The Changing Treatment Landscape of Chronic Lymphocytic Leukemia

As new therapies get approved and continue to be investigated, treatment for CLL is rapidly evolving. 
BY Silas Inman
PUBLISHED July 25, 2016
The FDA approvals of Imbruvica (ibrutinib), a BTK inhibitor, and Zydelig (idelalisib), a PI3K inhibitor, are changing the treatment paradigms for chronic lymphocytic leukemia (CLL), according to a presentation by Jennifer Brown at the 2016 American Society of Clinical Oncology (ASCO) Annual Meeting.

For BTK inhibition, follow-up data have identified distinct groups of patients who benefit the most from Imbruvica. These data have shown that patients with del17p CLL respond but still remain at high risk of progression; furthermore, those who progress on Imbruvica have limited options and poor outcomes.

While the efficacy data for PI3K inhibitors is promising, these agents have been fraught with toxicity concerns, specifically in the frontline setting when used in combination. Newer agents are in development and clinical studies continue to assess the optimal use of these therapies.

Imbruvica Standard of Care

The longest follow-up data for Imbruvica is available from the pivotal PCYC-1102-CA study, which led to an accelerated approval for Imbruvica in CLL. In this study, treatment-naive patients (31 patients) had an objective response rate (ORR) with Imbruvica of 84 percent, which included a complete remission (CR) rate of 23 percent. For those with relapsed/refractory disease, the ORR reached 90 percent, with a CR rate of 7 percent.

The 30-month progression-free survival (PFS) rate with Imbruvica in those without del17p/11q was 87 percent. In the del11q group, the 30-month PFS rate was 74.2 percent. In those with del17p CLL, the 30-month PFS rate was 45.9 percent and the median PFS was 28.1 months. Median PFS was not yet reached in the other two groups.

"The progression-free survival in those with low-risk disease is 87 percent at two and a half years, so really quite excellent in a patient population with a median of four prior therapies," said Brown, from the Dana-Farber Cancer Institute. "For the 11q patients, this declines to 74 percent—still quite excellent—but for the 17p patients there's a continuous drop-off, and they have reached a median PFS of a little more than two years. These patients are still at high risk for relapse."

At this point, those who progress on Imbruvica typically have poor outcomes. In available data, median overall survival (OS) in those with progressive CLL is 17 months and patients who experience Richter's transformation (18 patients) have a median OS of 3.5 months.

"If you do have a patient actively progressing on ibrutinib, you don't want to stop ibrutinib until you have another plan clearly in place, because sometimes these patients will develop quite explosive disease flare that one can lose control of quite quickly," said Brown. "I generally maintain the ibrutinib until the next therapy is selected and ready to go."

In addition to progression, 10 percent to 30 percent of patients will discontinue Imbruvica due to adverse events (AEs). Stopping treatment due to AEs is more common seen in older patients, such as those between the ages of 70 and 80. The most common causes for discontinuation are diarrhea, fatigue, arthralgia and muscle spasm, which are mostly low-grade events that can be managed. Other reasons include atrial fibrillation and bleeding-related events.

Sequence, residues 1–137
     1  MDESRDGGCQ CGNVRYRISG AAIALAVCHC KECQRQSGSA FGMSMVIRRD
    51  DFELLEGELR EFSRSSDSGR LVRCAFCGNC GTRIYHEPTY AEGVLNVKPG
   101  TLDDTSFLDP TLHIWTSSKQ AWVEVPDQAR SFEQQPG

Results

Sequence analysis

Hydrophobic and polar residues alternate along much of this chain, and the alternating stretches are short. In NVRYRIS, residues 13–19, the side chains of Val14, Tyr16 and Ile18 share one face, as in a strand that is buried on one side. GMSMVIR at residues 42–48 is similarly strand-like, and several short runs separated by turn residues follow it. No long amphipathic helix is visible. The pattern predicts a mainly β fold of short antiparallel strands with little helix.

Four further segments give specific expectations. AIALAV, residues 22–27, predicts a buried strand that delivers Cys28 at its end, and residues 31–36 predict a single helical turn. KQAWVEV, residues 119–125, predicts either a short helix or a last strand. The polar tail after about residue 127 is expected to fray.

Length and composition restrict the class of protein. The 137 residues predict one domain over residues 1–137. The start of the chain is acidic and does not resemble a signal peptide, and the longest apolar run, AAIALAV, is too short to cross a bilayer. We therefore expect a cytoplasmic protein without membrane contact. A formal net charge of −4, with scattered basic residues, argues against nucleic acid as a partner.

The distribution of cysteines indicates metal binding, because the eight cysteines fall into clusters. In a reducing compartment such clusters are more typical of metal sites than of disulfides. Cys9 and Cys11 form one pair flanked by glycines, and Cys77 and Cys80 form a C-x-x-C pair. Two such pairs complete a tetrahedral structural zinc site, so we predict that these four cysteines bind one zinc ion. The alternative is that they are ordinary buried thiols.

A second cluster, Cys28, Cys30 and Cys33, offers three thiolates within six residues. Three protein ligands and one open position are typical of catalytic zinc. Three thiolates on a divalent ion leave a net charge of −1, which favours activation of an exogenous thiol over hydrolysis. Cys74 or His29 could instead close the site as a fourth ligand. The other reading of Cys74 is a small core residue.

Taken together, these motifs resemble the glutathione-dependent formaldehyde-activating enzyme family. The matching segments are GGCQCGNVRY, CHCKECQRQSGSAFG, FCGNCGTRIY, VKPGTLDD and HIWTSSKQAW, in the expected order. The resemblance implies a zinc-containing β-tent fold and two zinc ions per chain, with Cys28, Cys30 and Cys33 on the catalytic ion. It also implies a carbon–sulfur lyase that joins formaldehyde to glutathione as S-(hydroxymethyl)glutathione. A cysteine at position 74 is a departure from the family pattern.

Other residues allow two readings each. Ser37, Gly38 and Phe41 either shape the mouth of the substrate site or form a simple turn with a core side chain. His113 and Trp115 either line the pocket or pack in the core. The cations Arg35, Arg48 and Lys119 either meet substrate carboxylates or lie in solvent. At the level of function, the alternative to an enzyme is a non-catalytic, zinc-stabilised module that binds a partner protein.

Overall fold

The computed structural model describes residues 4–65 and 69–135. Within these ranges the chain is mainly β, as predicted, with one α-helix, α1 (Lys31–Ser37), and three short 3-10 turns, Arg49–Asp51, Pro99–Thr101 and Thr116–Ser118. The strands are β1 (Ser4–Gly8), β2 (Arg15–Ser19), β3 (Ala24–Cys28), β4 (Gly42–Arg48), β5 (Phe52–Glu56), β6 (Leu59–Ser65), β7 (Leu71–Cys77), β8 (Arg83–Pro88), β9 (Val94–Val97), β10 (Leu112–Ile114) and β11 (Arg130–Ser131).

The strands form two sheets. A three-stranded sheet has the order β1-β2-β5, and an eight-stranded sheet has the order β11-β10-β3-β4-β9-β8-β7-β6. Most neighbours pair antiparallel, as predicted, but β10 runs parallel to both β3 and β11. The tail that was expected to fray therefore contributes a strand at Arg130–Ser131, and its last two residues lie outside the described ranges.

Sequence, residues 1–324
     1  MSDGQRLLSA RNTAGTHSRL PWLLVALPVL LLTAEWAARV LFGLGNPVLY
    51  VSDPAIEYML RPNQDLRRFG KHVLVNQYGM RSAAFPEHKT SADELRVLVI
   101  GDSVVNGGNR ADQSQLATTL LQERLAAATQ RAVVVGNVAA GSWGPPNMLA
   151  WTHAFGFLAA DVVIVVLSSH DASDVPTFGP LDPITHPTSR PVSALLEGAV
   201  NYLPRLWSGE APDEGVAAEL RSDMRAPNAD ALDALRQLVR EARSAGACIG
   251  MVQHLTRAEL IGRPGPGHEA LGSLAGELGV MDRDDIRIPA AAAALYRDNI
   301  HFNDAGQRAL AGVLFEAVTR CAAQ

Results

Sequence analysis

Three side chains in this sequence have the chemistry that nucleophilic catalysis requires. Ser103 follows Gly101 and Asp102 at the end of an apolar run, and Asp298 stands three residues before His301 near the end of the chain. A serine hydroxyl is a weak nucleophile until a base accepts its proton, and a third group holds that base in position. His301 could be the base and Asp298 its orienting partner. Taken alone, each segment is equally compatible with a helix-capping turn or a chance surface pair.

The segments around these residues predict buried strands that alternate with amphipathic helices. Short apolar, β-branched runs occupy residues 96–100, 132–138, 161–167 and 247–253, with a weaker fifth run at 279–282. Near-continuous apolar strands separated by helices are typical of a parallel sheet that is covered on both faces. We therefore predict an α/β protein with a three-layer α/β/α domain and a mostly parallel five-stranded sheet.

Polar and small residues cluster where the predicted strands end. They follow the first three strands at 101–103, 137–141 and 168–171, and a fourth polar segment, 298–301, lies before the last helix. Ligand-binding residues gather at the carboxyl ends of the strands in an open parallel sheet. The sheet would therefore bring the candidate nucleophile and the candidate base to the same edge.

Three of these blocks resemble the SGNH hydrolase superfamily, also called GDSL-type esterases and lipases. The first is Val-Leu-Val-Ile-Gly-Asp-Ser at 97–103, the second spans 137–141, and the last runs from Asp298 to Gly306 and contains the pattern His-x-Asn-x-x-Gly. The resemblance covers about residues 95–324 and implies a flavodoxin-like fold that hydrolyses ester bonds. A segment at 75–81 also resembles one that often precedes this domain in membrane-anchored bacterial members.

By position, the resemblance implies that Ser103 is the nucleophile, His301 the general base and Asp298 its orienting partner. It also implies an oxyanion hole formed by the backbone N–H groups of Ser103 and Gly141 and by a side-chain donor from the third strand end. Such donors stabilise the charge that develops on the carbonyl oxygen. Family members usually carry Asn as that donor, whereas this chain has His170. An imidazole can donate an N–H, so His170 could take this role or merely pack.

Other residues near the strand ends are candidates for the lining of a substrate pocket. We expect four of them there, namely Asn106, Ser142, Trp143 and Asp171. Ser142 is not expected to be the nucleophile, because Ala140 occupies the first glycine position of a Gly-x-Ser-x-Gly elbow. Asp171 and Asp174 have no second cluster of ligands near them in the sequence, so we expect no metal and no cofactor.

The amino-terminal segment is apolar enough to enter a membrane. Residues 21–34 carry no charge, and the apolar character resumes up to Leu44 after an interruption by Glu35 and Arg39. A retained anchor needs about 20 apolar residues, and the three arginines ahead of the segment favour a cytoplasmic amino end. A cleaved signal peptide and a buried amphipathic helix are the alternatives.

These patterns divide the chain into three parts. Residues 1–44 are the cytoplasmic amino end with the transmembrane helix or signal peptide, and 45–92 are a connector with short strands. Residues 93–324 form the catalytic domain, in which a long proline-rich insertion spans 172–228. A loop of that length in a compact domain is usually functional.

"In terms of managing the bleeding, there is expanding anecdotal experience with anticoagulation with ibrutinib but it is still fairly limited, so we try to avoid it. There is similarly limited data with antiplatelet agents," said Brown. "For now, we hold ibrutinib three to seven days prior to or post surgery, or for anything with stitches."

In the more recent RESONATE-2 trial, the 18-month PFS rate with Imbruvica in the frontline setting was 90 percent versus 52 percent with chlorambucil. The 24-month OS rate was 98 percent with Imbruvica versus 85 percent with chlorambucil. There were three deaths in the Imbruvica arm versus 17 deaths with chlorambucil.

In terms of AEs in the Imbruvica arm, 14 percent of patients experienced hypertension and 6 percent had atrial fibrillation. Furthermore, a major hemorrhage was experienced by 4 percent of patients and two had sudden deaths.

"This study has short follow-up still, and chlorambucil is a poor comparator—not a standard of care anymore," said Brown. "The patients were low risk and had quite low comorbidity for their age. Toxicity was not negligible, and therapy is planned indefinitely, so over time we expect to see problems with compliance that can lead to an increased risk for resistance."

Other studies are looking at Imbruvica in comparison with standard of care options in the frontline setting, Brown noted. A phase 3 study is looking at Imbruvica plus Rituxan (rituximab) compared with fludarabine, cyclophosphamide and Rituxan.
 
"The data with the rituximab combination or bendamustine-rituximab combinations don't appear to show a marked PFS difference compared with single-agent ibrutinib, although there is an update suggesting that the complete remission rate is increasing, which could translate to improvements in overall survival," said Brown.

Second-Generation BTK Inhibitors

Imbruvica hits a number of kinases in addition to BTK, including EGFR, ITK and TEC, which are thought to mediate some of the AEs seen with the TKI. Second-generation BTK inhibitors are being developed that hit fewer targets, noted Brown. Chief among these emerging options is acalabrutinib (ACP196), which does not bind to EGFR, ITK and TEC at the same level as Imbruvica.

At 14.3 months of follow-up, the ORR with acalabrutinib was 95 percent, which consisted of all partial responses (PRs) or PRs with lymphocytosis. There was one death due to pneumonia and one from progressive disease. There is some bleeding with this agent, although this event is less frequent compared with Imbruvica, Brown noted.